Full Story: Jan Murphy, Disability Rights Advocates Arrested During Protest Outside Pennsylvania's Health and Welfare Building in Harrisburg, PennLive, Oct. 16, 2012, available at http://www.pennlive.com/midstate/index.ssf/2012/10/disability_rights_advocates_ar.html
G. EMERGENCY RESPONSE / PREPAREDNESS
1. Disability Advocates File Suit Against NYC for Discriminatory Emergency Plans
On Tuesday, November 6, 2012, a federal judge filed an order certifying a class action brought by the plaintiffs, the Brooklyn Center for Independence of the Disabled and two New Yorkers with disabilities, Tania Morales and Gregory Bell. With this order, the class action can proceed against Mayor Bloomberg on behalf of approximately 900,000 people with disabilities living in New York City. The plaintiffs claim that New York City fails to accommodate people with disabilities during major disasters. The lawsuit was filed last year after Hurricane Irene and claims that New York City failed to ensure that emergency plans, shelters and transportation fully accommodate individuals with physical disabilities in violation of local and federal antidiscrimination laws. Attorneys for the plaintiffs say that many of the same problems existed recently during the evacuation for Hurricane Sandy. Martha Calhoun, an attorney for the city said, "The city's emergency plans have been carefully developed in order to effectively serve the needs of all New Yorkers, including individuals with disabilities." The trial for this case began on December 10, 2012.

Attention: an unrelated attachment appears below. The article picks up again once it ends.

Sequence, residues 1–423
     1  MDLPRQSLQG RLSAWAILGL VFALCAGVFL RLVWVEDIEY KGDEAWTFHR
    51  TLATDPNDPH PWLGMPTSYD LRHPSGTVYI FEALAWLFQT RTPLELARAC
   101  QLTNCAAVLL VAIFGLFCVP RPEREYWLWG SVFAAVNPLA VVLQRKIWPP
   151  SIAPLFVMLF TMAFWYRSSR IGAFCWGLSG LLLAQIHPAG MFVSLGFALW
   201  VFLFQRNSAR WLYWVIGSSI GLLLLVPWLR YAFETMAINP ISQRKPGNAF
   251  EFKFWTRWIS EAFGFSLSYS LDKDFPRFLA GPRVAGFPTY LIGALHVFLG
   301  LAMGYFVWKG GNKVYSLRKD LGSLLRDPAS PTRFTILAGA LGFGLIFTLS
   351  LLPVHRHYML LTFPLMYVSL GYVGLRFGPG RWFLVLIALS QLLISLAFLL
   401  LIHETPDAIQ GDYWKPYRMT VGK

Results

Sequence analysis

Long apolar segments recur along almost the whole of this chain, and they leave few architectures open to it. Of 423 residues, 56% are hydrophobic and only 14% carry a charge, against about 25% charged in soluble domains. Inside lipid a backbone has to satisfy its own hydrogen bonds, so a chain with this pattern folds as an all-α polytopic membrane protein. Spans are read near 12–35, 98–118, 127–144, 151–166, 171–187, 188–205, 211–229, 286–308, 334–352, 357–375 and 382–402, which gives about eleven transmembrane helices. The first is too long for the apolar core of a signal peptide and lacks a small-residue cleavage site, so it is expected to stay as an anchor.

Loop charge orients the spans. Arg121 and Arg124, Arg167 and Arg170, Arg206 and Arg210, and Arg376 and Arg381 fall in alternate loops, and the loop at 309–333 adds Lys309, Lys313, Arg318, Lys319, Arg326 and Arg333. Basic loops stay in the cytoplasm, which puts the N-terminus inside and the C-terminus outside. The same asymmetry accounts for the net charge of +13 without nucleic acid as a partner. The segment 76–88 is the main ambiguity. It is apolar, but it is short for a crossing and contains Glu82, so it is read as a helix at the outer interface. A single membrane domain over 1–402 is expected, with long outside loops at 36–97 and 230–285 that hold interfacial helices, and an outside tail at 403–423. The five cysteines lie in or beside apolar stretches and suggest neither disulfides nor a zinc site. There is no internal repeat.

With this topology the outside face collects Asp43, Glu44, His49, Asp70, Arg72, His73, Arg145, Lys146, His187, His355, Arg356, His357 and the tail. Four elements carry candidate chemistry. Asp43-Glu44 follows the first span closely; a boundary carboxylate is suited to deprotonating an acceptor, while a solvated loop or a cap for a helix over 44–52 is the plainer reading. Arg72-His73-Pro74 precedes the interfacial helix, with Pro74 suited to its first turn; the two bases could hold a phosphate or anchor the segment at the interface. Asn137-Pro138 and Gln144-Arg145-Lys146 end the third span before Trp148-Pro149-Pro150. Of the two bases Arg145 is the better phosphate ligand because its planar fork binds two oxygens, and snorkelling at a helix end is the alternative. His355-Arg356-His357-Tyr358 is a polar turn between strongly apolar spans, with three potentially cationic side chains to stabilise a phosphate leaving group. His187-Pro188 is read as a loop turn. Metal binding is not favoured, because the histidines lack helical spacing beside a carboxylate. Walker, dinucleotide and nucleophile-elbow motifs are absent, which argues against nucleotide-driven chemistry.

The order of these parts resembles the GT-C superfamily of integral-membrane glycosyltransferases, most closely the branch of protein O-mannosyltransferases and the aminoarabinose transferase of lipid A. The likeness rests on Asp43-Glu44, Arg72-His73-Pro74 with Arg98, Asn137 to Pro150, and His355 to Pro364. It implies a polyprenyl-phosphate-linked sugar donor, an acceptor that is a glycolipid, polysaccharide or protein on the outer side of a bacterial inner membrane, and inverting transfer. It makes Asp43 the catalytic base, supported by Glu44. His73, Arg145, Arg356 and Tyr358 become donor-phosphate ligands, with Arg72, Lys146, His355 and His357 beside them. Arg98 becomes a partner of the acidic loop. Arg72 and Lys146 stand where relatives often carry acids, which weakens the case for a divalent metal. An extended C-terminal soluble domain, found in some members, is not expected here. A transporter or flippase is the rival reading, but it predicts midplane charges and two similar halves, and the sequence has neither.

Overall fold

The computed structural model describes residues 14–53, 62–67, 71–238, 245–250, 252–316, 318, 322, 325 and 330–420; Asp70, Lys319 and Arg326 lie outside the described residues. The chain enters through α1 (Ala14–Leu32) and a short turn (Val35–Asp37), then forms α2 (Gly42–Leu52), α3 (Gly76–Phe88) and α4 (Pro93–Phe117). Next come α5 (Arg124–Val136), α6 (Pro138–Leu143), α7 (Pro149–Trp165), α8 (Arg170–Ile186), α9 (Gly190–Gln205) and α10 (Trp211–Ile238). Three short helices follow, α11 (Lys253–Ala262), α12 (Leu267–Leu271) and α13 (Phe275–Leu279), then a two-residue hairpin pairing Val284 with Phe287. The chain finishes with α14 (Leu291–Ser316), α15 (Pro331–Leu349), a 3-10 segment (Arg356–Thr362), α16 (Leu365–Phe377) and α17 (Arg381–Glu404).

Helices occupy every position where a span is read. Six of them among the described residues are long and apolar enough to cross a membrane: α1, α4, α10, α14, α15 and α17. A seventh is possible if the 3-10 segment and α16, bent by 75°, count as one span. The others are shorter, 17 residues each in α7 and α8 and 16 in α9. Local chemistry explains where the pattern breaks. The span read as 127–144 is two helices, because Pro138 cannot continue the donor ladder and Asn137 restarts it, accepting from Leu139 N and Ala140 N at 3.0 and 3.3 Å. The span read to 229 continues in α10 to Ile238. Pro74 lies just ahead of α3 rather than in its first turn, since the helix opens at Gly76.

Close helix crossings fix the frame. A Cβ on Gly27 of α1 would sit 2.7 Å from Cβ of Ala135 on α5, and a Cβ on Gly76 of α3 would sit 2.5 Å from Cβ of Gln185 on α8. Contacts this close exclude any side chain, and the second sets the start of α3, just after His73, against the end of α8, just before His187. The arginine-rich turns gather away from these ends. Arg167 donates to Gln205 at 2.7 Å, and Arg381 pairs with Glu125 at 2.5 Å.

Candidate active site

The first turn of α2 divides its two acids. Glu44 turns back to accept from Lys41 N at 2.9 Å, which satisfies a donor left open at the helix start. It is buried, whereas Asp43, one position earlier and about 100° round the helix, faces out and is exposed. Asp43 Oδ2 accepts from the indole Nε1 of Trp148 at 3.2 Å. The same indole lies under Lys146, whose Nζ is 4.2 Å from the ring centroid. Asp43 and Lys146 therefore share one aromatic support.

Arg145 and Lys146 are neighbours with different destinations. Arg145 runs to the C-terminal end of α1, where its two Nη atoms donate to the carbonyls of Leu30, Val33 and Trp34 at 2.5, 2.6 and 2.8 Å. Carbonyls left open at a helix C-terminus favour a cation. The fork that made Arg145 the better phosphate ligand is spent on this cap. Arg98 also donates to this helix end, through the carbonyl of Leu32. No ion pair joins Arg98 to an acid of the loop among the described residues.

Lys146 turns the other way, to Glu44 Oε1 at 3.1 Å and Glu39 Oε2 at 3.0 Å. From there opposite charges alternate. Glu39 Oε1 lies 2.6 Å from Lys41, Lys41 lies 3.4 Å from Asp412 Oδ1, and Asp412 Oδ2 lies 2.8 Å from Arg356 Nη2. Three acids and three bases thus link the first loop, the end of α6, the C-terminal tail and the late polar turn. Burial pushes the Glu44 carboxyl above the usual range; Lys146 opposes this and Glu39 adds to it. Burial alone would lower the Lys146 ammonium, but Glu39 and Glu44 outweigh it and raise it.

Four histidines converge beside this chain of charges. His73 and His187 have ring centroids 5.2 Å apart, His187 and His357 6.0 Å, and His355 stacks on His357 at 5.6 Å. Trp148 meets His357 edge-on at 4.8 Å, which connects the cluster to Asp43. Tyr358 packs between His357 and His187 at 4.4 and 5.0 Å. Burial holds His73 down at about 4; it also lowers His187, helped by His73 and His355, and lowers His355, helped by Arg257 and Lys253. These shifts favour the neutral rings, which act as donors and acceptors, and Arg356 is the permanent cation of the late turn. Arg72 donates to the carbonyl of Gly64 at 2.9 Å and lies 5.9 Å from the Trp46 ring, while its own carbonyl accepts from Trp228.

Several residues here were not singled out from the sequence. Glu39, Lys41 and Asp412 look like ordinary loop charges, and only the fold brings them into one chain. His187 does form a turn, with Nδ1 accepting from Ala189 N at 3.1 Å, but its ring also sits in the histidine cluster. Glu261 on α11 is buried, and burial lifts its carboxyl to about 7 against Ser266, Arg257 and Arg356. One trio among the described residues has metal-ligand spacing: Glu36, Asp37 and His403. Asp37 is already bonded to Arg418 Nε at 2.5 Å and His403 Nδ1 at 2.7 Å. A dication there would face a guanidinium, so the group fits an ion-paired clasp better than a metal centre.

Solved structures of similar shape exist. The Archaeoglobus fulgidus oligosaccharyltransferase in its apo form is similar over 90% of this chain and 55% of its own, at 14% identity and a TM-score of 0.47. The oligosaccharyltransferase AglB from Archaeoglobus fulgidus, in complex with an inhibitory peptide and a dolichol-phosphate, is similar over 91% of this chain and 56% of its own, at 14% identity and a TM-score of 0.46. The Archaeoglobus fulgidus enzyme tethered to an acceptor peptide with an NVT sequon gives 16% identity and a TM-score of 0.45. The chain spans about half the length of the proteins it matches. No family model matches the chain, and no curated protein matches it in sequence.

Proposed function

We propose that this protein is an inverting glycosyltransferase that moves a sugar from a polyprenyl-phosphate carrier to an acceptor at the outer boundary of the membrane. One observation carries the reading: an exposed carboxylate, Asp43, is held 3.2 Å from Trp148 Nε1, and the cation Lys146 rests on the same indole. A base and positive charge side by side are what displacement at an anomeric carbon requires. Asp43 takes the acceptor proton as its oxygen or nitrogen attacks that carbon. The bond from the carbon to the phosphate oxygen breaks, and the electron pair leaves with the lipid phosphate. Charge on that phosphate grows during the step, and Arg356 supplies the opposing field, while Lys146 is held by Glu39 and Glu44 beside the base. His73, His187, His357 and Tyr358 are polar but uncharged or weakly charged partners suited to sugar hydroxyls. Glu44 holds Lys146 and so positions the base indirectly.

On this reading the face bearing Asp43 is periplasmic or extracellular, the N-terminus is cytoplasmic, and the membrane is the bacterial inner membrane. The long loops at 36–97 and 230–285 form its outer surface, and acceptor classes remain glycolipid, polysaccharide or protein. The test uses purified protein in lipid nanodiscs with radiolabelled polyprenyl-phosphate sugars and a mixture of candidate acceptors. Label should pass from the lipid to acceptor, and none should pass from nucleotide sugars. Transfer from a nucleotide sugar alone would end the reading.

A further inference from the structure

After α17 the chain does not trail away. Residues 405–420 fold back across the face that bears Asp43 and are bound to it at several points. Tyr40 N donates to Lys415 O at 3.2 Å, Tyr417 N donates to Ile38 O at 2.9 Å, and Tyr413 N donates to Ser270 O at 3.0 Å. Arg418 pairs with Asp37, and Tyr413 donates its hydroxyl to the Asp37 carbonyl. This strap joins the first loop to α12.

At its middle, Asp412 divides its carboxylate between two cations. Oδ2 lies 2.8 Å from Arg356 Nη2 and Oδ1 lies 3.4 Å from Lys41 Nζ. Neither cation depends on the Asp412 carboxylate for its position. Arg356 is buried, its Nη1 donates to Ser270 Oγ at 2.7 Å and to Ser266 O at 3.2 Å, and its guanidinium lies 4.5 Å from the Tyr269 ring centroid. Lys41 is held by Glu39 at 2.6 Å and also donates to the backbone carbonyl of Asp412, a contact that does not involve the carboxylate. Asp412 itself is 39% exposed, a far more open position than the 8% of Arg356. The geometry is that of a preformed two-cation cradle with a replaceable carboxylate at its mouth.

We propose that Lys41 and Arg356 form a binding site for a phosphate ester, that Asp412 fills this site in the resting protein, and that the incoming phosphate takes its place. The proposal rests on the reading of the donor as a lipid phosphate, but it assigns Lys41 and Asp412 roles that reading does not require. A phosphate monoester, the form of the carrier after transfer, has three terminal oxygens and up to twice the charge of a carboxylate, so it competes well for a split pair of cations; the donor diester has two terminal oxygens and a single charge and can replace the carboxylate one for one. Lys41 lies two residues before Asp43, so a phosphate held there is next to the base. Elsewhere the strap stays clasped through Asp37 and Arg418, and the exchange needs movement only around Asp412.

Full Story: Joseph Ax, Judge Grants Class Action to Disabled Suing NYC, Thomson Reuters News & Insight, Nov. 8, 2012, available at
1. New Employment Forum to Assist People with Disabilities in India
Persons with disabilities in India have a new and unique venue to explore employment and recruitment opportunities on the web. The new online portal, Jobability.org, caters to people with disabilities. The website serves as a virtual meeting place where people with disabilities can exhibit their capabilities, discuss common issues, and share resume documents. Jobability targets leading Indian companies to go through the posted resumes on the site and offer these candidates with disabilities appropriate vacancies.
The website was conceptualized by Leonard Chesire Disability, a charity based in the United Kingdom, as an "exclusive job portal" for people with disabilities in South Asian nations. Aruna Rangachar, National Director of Cheshire Disability Trust, who registered the site in India, says the portal's aim is to "break down the barriers that can hinder the access to employment and the professional growth rate of persons with disability." Jobability aims to serve as a meeting place for people with disabilities in India; Rangachar claims the site is a "good start to creating an inclusive society," which she believes "is our ultimate aim."